By Emily Grant
The classic Breton striped shirt, a wardrobe staple across the style spectrum. It started in Brittany, a province found on the peninsula between the English Channel and the Bay of Biscay, which produced many a French sailor (Who What Wear, 2009). The navy blue and white striped shirt was designed to make sailors stand out from the waves if they were to fall overboard (Gout Taste, 2013). The original boat-neck shirt had three-quarter length sleeves with 21 navy blue stripes, one for each of Napoleon’s victories (Gout Taste, 2013).
Soon, the knit top caught on with the locals of Brittany, and soon after that, Coco Chanel (Gout Taste, 2013). In a 1917 nautical inspired line, it was featured with flared trousers, which stood in stark contrast to the corseted dresses of the era (Gout Taste, 2013). In the 1950s, the look graced the silver screen several times over, seen on starlets such as Audrey Hepburn, Jean Seberg, and even heartthrob James Dean (Gout Taste, 2013). Since then, the Breton striped shirt has remained an iconic piece that is always in style. It’s been reimagined time after time, from glittering sequins at Balmain to Prada’s primary colored version, and of course, John Paul Gaultier (In The Seams, 2011).
The possibilities for the Breton tee are endless, as it can be dressed up or down, and is appropriate in any season. Olivia Palermo paired hers with an a-line skirt and statement necklace, while Alexa Chung has been spotted in a Breton stripe shirt layered under overalls, for an ultra-casual look (Who What Wear, 2009). Whether your style is preppy or bohemian, a Breton shirt is an absolute must have, and there’s really no excuse, as they can be found at virtually any price-point. Alexander Wang has one for the low, low price of $270 while for just $11 you can score one at Forever 21. This fall, pair yours with a toothpick jean topped with a motorcycle jacket for an on-trend look that can’t be denied. For our more conservative readers, a toggle coat can be substituted, a la J.Crew. No matter how you wear it, you’re guaranteed to have that certain je ne sais quoi that French sailors have been rocking for generations (Tishgart, 2010).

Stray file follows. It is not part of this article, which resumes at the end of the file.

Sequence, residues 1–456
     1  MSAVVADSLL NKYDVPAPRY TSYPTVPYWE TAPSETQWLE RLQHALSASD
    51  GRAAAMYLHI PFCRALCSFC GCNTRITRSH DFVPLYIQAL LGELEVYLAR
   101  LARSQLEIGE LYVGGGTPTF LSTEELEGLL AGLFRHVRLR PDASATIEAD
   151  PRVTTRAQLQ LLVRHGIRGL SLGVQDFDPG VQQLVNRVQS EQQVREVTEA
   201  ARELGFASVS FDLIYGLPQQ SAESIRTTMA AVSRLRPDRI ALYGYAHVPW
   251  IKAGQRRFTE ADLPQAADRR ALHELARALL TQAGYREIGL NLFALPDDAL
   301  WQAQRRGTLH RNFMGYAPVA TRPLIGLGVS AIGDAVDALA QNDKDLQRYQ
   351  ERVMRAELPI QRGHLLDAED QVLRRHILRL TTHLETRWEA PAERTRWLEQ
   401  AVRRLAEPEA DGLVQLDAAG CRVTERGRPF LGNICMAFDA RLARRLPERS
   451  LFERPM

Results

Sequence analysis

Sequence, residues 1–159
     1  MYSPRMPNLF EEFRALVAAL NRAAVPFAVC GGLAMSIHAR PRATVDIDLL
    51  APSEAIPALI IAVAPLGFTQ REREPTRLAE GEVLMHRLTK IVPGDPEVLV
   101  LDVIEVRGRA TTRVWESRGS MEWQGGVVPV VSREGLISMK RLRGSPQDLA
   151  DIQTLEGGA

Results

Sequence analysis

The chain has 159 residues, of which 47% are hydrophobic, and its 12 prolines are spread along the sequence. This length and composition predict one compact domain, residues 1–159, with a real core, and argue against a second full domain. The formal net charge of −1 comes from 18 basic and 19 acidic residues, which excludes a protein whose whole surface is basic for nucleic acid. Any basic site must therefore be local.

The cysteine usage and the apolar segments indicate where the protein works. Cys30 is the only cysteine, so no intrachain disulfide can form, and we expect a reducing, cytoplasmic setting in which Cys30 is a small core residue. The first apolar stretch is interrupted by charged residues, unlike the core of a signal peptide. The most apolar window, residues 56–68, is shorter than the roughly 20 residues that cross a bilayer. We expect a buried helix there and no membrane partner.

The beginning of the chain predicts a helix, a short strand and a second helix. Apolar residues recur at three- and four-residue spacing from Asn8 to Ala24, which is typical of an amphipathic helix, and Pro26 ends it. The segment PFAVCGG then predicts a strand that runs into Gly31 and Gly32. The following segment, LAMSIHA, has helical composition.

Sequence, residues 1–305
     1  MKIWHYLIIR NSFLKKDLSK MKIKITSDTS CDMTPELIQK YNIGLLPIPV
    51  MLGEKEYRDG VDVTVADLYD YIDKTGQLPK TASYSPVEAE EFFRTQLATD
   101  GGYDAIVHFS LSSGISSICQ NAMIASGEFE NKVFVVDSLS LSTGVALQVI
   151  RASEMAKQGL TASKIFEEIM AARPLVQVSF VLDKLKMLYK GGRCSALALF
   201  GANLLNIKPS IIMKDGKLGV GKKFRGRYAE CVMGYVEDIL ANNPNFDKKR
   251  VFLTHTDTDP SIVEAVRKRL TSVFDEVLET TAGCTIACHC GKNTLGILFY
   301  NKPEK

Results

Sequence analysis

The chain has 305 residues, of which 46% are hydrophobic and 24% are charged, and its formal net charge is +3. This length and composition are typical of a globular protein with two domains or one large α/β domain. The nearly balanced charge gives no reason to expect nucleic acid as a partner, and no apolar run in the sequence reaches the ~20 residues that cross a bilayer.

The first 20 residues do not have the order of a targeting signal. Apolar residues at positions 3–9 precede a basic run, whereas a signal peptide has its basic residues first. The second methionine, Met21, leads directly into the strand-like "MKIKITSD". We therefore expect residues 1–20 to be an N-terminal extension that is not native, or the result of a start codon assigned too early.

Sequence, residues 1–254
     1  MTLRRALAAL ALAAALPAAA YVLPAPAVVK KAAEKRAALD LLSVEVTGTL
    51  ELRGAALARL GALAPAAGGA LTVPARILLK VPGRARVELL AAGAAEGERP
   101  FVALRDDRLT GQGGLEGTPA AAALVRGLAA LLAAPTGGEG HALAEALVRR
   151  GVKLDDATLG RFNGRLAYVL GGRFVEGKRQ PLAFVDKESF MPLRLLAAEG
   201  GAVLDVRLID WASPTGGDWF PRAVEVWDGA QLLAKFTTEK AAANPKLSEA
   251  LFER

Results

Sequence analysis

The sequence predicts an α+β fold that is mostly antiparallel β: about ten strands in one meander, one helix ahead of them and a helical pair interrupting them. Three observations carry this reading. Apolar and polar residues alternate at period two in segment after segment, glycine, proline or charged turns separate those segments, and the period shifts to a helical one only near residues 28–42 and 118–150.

Gout Taste (2013). How the French got their stripes. Retrieved from http://goutaste.com/how-the-french-got-their-stripes/
In The Seams (2011, July 1). The classic Breton stripe, a must for summer. Retrieved from http://intheseams.com/2011/07/the-classic-breton-stripe-a-must-for-summer/
P Burns. (2012, February 6). Winehouse couture. Retrieved from http://stylewhisperer.wordpress.com/tag/breton-top/
Tishgart, S. (2010). Gotta have it: Breton striped shirts. Teen Vogue. Retrieved from http://www.teenvogue.com/fashion/summer-trends/2010-07/breton-striped-shirts/?slide=1
Who What Wear (2009). Breton stripes. Retrieved from http://www.whowhatwear.com/look-we-love-breton-stripes/